Lee pleaded guilty in 1972 to the charge of aggravated rape and in 1976 to charges of kidnapping and aggravated sodomy. Lee admitted to Dr. Carl Schwartz, one of the court-appointed examiners, that in the short time he was out of prison after the 1972 conviction, he attempted rape on five occasions; he was able to "control" himself twice. He explained it was lucky one of his intended victims was able to escape, because otherwise he would have raped and killed her. Lee also told Dr. Schwartz he could only achieve sexual gratification by injuring his sexual partner. Comments to other psychiatrists were consistent; one indicated Lee "was subject to a life-long pattern of sexual deviancy[,] sado-masochistic in type." A "habitual course of misconduct" is demonstrated by sexual acts, not just convictions. See In re Monson, 478 N.W.2d 785, 789 (Minn. App. 1991). We conclude the evidence clearly supports a finding that Lee meets this first factor.

Pearson's second prong requires that the persons exhibit an "utter lack of power to control their sexual impulses." 205 Minn. at 555, 287 N.W. at 302. Lee contends that the transcript from the initial hearing contains only passing references to lack of control, which is insufficient to meet the Pearson standards. See Linehan, 518 N.W.2d at 613-14 (supreme court reversed psychopathic personality commitment even though trial court explicitly made findings as to utter lack of control, where expert testimony at trial did not properly distinguish between uncontrolled and uncontrollable impulses). He also cites examples of instances where he was able to control himself and refrain from raping.

The psychiatrists testified as to Lee's loss of control when the urges come over him and his very highly impulsive nature. There was ample testimony that Lee had an utter lack of power to control his sexual impulses. See In re Irwin, 529 N.W.2d 366, 375 (Minn. App. 1995) (discussing expert testimony from which trial court concluded utter lack of power to control sexual impulses shown), review denied (Minn. May 16, 1995).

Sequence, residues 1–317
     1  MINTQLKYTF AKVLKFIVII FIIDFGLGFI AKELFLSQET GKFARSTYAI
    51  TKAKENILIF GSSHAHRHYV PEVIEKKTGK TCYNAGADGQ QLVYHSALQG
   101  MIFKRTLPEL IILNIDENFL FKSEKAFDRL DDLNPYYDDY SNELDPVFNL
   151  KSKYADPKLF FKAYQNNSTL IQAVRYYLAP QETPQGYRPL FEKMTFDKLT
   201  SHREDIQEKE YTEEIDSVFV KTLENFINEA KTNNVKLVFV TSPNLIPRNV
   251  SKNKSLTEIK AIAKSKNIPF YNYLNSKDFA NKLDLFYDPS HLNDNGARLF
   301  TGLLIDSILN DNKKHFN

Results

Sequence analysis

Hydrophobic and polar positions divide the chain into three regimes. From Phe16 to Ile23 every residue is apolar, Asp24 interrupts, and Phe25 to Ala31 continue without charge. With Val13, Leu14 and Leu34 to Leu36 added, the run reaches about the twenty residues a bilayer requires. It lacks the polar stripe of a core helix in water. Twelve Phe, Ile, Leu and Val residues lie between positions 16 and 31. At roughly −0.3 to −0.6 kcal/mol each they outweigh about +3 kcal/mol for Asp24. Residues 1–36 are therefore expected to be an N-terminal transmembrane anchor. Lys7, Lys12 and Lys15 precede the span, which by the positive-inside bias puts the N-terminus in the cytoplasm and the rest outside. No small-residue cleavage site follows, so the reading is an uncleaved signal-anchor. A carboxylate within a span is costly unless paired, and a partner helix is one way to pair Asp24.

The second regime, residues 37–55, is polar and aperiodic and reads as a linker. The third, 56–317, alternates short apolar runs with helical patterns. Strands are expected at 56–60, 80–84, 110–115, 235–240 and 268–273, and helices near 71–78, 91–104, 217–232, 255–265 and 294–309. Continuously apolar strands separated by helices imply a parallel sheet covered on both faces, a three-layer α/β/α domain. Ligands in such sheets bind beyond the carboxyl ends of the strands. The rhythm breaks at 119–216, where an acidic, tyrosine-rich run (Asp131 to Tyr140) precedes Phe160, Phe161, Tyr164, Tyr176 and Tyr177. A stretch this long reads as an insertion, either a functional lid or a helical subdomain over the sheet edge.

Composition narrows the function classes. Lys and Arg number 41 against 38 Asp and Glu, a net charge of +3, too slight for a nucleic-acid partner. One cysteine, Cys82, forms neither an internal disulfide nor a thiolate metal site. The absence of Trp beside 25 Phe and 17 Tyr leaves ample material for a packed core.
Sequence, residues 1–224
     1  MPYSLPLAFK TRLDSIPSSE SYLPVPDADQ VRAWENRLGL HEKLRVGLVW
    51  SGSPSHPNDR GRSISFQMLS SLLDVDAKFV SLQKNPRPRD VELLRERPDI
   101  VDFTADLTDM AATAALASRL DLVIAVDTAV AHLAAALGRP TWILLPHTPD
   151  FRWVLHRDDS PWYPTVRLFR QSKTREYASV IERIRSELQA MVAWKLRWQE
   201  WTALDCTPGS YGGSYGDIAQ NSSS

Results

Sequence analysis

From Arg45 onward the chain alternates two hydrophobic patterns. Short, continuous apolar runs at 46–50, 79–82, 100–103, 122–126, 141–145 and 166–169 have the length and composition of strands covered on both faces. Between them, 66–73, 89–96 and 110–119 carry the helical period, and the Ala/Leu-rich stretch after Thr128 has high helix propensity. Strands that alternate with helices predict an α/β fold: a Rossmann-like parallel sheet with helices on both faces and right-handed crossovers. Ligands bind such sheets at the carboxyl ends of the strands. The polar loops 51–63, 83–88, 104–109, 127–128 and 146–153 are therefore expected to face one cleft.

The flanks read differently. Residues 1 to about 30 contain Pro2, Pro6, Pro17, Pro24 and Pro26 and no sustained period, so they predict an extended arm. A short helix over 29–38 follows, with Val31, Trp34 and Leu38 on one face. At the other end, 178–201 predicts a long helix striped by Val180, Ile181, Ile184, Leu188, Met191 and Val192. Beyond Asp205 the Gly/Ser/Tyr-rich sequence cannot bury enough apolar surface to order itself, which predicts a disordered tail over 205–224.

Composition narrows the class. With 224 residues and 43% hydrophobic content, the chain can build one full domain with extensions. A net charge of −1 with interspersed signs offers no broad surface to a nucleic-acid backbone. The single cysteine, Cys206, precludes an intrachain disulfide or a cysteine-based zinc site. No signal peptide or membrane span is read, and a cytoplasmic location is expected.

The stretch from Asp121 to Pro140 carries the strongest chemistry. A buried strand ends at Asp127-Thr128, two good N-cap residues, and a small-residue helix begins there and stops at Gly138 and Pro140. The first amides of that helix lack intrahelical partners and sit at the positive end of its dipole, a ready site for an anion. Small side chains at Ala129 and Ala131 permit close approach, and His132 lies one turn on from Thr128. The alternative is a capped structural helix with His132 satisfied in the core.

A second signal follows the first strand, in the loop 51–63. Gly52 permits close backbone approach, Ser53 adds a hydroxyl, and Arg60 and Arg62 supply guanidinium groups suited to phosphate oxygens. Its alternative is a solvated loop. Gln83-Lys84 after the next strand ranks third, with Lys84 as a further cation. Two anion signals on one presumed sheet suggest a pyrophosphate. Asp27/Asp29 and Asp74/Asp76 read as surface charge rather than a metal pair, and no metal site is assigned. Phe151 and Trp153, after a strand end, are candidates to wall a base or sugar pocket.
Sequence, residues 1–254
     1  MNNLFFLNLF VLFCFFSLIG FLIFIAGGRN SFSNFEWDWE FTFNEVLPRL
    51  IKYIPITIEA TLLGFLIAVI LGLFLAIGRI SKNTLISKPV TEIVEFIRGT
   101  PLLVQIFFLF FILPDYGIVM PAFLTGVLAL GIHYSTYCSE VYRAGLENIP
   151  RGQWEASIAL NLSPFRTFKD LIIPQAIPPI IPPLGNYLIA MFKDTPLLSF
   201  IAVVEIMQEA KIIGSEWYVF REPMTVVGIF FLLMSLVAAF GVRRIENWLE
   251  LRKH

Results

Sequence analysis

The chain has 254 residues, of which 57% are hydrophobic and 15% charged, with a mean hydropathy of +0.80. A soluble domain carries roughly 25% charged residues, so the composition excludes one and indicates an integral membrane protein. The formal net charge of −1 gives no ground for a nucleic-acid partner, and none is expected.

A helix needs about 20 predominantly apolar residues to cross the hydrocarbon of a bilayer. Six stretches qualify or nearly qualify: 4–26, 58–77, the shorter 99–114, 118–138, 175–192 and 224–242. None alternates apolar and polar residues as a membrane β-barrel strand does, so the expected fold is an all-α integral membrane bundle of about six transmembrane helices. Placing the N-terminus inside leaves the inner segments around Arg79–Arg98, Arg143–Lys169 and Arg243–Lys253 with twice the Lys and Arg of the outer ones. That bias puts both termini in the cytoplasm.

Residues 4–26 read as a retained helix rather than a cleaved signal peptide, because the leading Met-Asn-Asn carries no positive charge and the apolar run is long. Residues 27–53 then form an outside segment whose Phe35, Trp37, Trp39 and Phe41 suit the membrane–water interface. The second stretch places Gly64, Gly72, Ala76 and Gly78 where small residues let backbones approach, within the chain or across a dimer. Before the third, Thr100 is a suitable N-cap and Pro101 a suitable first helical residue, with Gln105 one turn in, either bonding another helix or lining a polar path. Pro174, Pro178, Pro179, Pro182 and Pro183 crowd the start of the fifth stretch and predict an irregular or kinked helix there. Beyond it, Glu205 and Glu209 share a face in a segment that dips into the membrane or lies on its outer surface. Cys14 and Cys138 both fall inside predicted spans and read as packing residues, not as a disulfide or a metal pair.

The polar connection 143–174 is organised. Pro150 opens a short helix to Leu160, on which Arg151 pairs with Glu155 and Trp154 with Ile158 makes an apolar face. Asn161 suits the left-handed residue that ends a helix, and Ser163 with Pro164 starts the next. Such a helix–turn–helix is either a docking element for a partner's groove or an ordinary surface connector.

The third prong requires a showing that the individual is "likely to attack or otherwise inflict injury, loss, pain or other evil on the objects of their uncontrolled and uncontrollable desire." Pearson, 205 Minn. at 555, 287 N.W. at 302. Lee did not challenge the applicability of this prong. We conclude the committing court had clear and convincing evidence that commitment was constitutional under Pearson.


Lee argues his commitment must be vacated because neither the transcript nor the court reporter's notes from the review hearing held on June 9, 1976, are available.[1] We disagree.

A transcript is important to, but not always essential for, a meaningful appeal. See Hoagland v. State, 518 N.W.2d 531, 535 (Minn. 1994). In this case, the district court had access to a transcript from the initial hearing with substantive testimony as to the Pearson factors, as well as the 60-day review report from the hospital. There is no indication Lee was misled as to his right to appeal or that the missing transcripts were destroyed for improper reasons. We therefore decline to vacate the commitment based on the missing review hearing transcript.


We grant Lee's motion to accept his pro se brief in which he claims that his criminal conviction and his commitment violate the prohibition against double jeopardy. The Minnesota Supreme Court has rejected the double jeopardy argument:

[O]ur decision in Blodgett clearly establishes that commitment under the psychopathic personality statute is remedial and does not constitute double jeopardy because it is for treatment purposes and is not for purposes of preventive detention.

Call v. Gomez, 535 N.W.2d 312, 319-20 (Minn. 1995); see In re Blodgett, 490 N.W.2d 638, 647 (Minn. App. 1992), aff'd on other grounds, 510 N.W.2d 910 (Minn.), cert. denied, 115 S. Ct. 146 (1994). These cases are dispositive of Lee's double jeopardy claims.

Lee also contends that the dual commitment violates equal protection because his rights to treatment as a committed patient have been denied due to his criminal conviction. Dual commitment does not violate equal protection. Bailey v. Gardebring, 940 F.2d 1150, 1153 (8th Cir. 1991), cert. denied, 503 U.S. 952 (1992). Minnesota law currently requires a person committed as a psychopathic personality to serve the prison term before being transferred to the custody of the Commissioner of Human Services. Minn. Stat. § 253B.185, subd. 2(b) (1994). Further, evidence in the record indicates Lee has received some treatment while imprisoned. Lee has not shown his right to equal protection has been violated. See In re Martenies, 350 N.W.2d 470, 473 (Minn. App. 1984), review denied (Minn. Sept. 12, 1984).

Affirmed; motion granted.

[ ]1 Although it appeared that the transcript from the initial commitment hearing was missing as well, a copy was discovered during the pendency of the first appeal from the district court's denial of the petition for a writ of habeas corpus. This court remanded for the district court to consider the transcript. The district court reached the same conclusion, and Lee filed this appeal.